“’You are one of the few designers that can open a movie,’” costumer Mona May recalls Happy Madison co-founder Jack Giarraputo once telling her. Perhaps no appraisal can sum up the fashion-design-trained May’s auteur-like contribution to cinema as succinctly.
Her bold colors, unapologetically soft silhouettes and feathery boas — signature touches that at once highlight comedy, beauty and authenticity — helped define a genre of film. From “Never Been Kissed” to “Romy and Michele’s High School Reunion,” “Enchanted” (for which she was nominated for a Costume Designers Guild Award) to “The House Bunny” to Amy Heckerling’s seminal Jane Austen spinoff “Clueless” (now celebrating its 25th anniversary), young women in search of their identity are the backbone of a number of May-costumed movies. The designer says those films feature stories of women “learning something very feminine about feeling good in [their] skin,” adding, “This is my life message: being free, in love, happy and yourself.”
Many of these films show off May’s facility for giving characters extensive fashion makeovers, even under difficult circumstances. In fact, she enjoys the sense of accomplishment. “It’s challenging to deal with insecurities, budgets and time constraints,” she says. “But creating a transformation is telling the story of a woman’s arc. I am a sucker for it when a woman becomes themselves.”
May bemoans that Hollywood has been shying away from women-centric stories. “People want them, but [studios focus on] global tentpoles,” she says, supporting a return to female-driven comedies. “I’ve done movies [recently], like ‘Banana Split,’ about two girlfriends. I’ve started to prep ‘Mixtape,’ which is a wonderful [’90s-set] story about a girl who finds a cassette tape of her [deceased] parents. I have to go a little bit to a different world to find these stories. They are few and far between.”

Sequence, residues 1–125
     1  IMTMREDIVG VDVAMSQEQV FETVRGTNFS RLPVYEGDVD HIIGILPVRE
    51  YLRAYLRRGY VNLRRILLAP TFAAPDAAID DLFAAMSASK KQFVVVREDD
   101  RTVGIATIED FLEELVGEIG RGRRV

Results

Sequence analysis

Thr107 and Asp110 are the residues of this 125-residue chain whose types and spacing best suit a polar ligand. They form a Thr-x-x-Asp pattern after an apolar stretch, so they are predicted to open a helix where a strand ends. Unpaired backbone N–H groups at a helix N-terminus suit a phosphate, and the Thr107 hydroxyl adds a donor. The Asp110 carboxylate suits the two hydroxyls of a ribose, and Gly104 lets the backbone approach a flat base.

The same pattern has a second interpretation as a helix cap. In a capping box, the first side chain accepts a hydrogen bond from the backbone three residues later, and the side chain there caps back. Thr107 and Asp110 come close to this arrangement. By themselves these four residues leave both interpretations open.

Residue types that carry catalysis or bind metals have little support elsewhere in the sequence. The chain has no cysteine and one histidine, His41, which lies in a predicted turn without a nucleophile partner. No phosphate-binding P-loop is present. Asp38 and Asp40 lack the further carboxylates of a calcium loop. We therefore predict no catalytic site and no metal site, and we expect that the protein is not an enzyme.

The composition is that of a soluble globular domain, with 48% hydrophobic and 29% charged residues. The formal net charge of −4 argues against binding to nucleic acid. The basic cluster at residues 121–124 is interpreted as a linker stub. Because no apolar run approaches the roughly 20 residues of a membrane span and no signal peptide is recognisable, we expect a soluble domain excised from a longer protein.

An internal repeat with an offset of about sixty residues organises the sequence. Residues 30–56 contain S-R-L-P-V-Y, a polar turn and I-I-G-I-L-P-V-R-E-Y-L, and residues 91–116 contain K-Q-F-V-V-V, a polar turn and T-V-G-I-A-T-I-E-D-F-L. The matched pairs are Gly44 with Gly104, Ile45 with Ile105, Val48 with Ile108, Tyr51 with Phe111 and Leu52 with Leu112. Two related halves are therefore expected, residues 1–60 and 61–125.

May is quick to credit her collaborators, notably Drew Barrymore in the climactic “Meant for Each Other”-themed prom in “Never Been Kissed,” which features characters styled as Shakespeare’s Rosalind and Orlando, Barbie dolls and Tom Cruise’s Joel from “Risky Business.” May brought all the cosplay ideas to the table. Most memorable to her was Barrymore’s final transformational dress — a sweet pink chiffon number with a low neckline, cut on the bias. “Soft, beautiful and [with] all the layers she always had,” May recalls of the actor. “There she was, almost naked, completely open.”
From Barrymore’s thrift store-inspired, ’50s-esque granny dresses in “The Wedding Singer” to a showstopping power suit worn by Elaine Hendrix’s cool fashion editor in “Romy and Michele,” timeless looks have also been a throughline in May’s career. “A couple of decades later, I still have new fans,” she says, “young [people] inspired by [work] that transcended generations.”
To May, color means emotion. “I paint with color,” she says. “[Alicia Silverstone’s] yellow suit in ‘Clueless’ is like sunshine!” Another favorite: pink, as demonstrated by Lisa Kudrow’s reunion minidress in “Romy and Michele” and the above-mentioned frock from “Never Been Kissed.” She calls the color “beautiful, sophisticated and underused” and offers it perhaps the ultimate testimonial.
“A funny thing my friends say is that I’ll have a pink boa on my grave,” she says. “I don’t mind that.”
Article written by Tomris Laffly for Variety.